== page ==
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Alyanna Salang

Business Co-op Student

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When communicating with others, describe the situation or the problem, share your understanding of the situation, make your requests known, and be open to what they think.

Nowadays, most of the job postings we see include “oral and written communication skills” as part of the criteria for job selection. My first Co-op placement at Sepro Mineral Systems mentioned that a candidate should have oral and written communication skills. I thought this meant that a candidate’s English spelling and grammar should be near perfect, in which the candidate typically gets A’s in English courses and has experience in case competitions and public speaking. However, throughout my 8-month Co-op experience with Sepro, I learned that there is more to communication skills than just being fluent in English and being on par with my grammar.

Sepro is one of the world’s largest suppliers of mineral technology, in which they have been the supply of mineral processing equipment, metallurgical testing and process consulting. They are committed to providing innovative solutions to meet customer needs, they connect with other businesses to be creative with and improve their research and production. In my perspective, this means communication is one of their key characteristics to maintain and strengthen their business.

As an Events and Marketing Coordinator, some of my responsibilities included sourcing internal information for use in promotional materials and coordinating with vendors and coworkers globally when planning for events. In case you have not noticed, all these responsibilities share the same requirement: communication.

Sourcing information for use in promotional items usually occurs in two situations: our marketing team either wants a new promotional product to giveaway or we want to reorder more Sepro-branded promotional items. For example, I was given the task of re-ordering our company golf shirts, but with a different logo embroidered. To accomplish this task, I had to contact the vendor that supplied our previous golf shirts to inquire about the cost of ordering 36 new shirts and to request a new logo embroidery on each shirt. For weeks, the vendor and I emailed each other back and forth, to make sure that the colour of the shirt and the embroidered logo are accurate and reflect our company branding.

Most of my tasks are associated with event planning, especially for conferences and Trade shows that Sepro sends their sales staff to as delegates and exhibitors. Each event has its checklist, from which I work. In each event, I need to know who is attending so that I can get them registered, reserve hotel rooms and ask which promotional materials they want me to pack. It is very important to keep in contact with the show delegates so that I can send them emails of instructions, updates, and information regarding the events they are attending. For instance, this past month I had been in contact with one of the sales employees, who is the show lead for an upcoming conference. We had been in contact through email, but I frequently visit his office to follow-up on his approvals for my proposed packing lists and booth layouts.

With all these tasks that I needed to accomplish, I realized that as much as I wanted to pay attention to my grammar and spelling structure, getting my tasks done on time was important too. To complete my assignments and meet deadlines, I had to constantly email, make phone calls, and visit offices. Not only that, each email, phone call and visit required as many questions on my end, as it did information to give to make sure each stakeholder involved knew what is going on.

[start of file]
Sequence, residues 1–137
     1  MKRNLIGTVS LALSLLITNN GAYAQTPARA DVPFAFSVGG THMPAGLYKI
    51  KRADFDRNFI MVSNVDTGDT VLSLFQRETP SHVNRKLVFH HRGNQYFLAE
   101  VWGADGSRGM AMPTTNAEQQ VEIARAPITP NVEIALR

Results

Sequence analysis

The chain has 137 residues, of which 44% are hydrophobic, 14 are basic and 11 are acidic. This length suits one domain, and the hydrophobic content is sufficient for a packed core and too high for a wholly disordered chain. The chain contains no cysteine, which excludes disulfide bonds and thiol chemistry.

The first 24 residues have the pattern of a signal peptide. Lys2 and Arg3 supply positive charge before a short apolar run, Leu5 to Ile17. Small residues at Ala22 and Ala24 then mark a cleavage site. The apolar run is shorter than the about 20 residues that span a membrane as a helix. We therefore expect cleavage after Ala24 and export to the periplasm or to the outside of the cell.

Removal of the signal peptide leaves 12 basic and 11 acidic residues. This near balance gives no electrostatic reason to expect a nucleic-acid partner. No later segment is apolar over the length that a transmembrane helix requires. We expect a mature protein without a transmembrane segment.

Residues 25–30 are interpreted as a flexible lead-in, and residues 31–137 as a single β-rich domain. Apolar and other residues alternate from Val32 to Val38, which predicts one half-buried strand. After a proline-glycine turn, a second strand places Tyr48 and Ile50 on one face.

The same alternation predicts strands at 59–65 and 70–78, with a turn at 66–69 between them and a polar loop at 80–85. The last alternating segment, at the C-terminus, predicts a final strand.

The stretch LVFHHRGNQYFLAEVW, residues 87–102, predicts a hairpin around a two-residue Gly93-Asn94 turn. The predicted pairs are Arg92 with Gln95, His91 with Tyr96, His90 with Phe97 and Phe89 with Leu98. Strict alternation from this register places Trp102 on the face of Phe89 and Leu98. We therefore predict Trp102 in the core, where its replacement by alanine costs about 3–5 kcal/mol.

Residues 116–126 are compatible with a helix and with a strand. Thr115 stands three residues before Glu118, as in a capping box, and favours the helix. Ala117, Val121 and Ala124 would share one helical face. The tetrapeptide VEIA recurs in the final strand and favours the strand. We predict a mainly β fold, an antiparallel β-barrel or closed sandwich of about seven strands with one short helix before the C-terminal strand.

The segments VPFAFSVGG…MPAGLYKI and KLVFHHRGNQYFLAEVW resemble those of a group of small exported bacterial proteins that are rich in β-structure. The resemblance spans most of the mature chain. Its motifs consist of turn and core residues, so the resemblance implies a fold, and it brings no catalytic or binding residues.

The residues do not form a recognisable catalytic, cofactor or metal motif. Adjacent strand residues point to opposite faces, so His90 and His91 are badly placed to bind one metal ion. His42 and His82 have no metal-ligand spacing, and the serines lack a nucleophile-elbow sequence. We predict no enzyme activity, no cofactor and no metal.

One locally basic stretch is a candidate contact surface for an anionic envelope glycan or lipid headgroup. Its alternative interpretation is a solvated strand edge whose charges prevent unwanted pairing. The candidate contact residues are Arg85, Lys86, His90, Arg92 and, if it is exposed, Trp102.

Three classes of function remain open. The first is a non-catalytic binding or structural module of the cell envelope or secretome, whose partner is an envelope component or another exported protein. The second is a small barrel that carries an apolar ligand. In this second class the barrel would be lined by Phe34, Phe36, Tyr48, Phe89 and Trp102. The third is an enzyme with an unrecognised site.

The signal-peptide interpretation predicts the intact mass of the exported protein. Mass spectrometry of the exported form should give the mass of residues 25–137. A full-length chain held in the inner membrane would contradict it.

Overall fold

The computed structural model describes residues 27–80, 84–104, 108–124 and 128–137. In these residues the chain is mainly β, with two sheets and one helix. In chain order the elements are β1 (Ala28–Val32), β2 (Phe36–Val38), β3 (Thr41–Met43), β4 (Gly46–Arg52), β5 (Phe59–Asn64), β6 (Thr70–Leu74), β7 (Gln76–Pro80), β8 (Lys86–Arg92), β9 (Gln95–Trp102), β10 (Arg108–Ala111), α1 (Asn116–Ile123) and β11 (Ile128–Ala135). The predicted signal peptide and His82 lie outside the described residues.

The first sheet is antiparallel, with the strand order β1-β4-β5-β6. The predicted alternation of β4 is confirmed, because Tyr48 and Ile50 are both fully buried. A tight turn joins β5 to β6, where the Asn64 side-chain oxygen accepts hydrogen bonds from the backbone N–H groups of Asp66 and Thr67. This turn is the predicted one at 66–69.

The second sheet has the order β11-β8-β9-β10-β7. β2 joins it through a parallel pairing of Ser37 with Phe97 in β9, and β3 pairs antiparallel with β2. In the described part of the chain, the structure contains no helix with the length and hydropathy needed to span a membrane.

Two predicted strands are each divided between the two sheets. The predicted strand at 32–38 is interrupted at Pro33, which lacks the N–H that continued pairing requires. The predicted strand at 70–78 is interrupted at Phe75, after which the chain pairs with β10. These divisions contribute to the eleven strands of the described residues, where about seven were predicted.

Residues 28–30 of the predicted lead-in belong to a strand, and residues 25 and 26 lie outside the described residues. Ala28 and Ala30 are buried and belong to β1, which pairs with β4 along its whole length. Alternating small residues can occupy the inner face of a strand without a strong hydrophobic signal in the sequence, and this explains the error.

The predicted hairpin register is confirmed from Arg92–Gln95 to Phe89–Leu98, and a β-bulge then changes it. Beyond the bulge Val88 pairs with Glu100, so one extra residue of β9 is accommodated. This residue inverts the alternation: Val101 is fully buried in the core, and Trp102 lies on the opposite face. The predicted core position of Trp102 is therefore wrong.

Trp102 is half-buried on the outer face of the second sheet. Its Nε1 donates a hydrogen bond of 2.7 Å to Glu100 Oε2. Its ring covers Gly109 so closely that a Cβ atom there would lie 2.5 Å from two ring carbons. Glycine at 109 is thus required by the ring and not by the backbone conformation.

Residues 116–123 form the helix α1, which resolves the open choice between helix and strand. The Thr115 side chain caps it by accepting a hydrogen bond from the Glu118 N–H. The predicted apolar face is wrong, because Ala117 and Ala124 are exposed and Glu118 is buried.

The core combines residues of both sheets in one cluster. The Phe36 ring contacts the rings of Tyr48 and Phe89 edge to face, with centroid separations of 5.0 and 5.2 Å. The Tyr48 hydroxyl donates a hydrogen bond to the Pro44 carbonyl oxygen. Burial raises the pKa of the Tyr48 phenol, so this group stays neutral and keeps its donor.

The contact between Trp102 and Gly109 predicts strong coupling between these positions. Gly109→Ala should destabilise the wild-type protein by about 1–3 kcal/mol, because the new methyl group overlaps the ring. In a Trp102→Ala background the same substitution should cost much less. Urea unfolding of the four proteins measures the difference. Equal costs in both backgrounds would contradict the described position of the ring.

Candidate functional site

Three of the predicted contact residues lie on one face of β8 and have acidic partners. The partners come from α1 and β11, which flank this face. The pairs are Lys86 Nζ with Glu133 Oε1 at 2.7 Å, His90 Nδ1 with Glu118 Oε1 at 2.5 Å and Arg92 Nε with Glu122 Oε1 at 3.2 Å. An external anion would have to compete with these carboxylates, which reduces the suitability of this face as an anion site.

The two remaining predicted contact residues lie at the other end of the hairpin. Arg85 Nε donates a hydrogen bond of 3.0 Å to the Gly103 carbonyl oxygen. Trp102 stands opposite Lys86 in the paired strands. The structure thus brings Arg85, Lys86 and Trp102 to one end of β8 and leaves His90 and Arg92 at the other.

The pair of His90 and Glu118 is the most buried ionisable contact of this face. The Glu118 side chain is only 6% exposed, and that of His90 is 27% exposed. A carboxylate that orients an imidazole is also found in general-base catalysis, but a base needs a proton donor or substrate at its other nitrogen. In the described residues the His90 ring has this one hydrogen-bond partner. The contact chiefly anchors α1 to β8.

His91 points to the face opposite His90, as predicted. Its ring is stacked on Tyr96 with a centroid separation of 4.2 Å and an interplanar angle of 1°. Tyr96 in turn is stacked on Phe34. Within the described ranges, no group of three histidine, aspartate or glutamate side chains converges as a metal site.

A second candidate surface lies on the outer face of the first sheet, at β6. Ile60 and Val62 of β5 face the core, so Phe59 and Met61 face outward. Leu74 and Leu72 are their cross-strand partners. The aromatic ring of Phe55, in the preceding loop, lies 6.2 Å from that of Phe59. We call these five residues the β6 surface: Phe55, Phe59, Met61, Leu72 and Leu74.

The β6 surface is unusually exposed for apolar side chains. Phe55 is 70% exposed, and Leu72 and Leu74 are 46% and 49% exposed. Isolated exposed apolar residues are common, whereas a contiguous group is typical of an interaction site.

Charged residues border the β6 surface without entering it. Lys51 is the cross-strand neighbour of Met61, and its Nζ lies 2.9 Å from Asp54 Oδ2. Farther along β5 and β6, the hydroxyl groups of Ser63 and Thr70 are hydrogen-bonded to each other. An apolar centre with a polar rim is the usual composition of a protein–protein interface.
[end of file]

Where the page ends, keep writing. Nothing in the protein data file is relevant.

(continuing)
It might seem like over-communication, but often, informative emails and frequent phone calls were the main ways I could get my job done. In fact, these are great opportunities to build relationships with stakeholders. My supervisor shared that “communication is a strategy action to receive what you expect to accomplish.” I will not be able to get my tasks done if I did not approach my coworkers through email or a phone call to confirm whether they are attending an event or not, if they approve of the packing list I sent them, or where they want their packages shipped. I do not think I could accomplish my assignments well if I did not ask my supervisor and coworker for questions, clarification, confirmation, and feedback.

I am not disregarding grammar and spelling structure at all. I think they are both very important so that it’s easier for others to understand what is communicated. In my perspective, grammar and spelling represent the “cherry-on-top” when writing an email and making a phone call. What I learned from my Co-op experience at Sepro is to be more informative and curious and build relationships with stakeholders. When communicating with others, describe the situation or the problem, share your understanding of the situation, make your requests known, and be open to what they think.

Beyond the Blog

About the Author

Alyanna Salang

Business Co-op Student
As a business student at SFU, Alyanna aspires to expand her knowledge and experience in Human Resources and Marketing through volunteering at her church and making the most of the opportunities given. She is passionate about event planning, mentoring high school students, singing, and songwriting. Additionally, she seeks to enhance her leadership and networking skills through social corporate events, work experience, and workshops.

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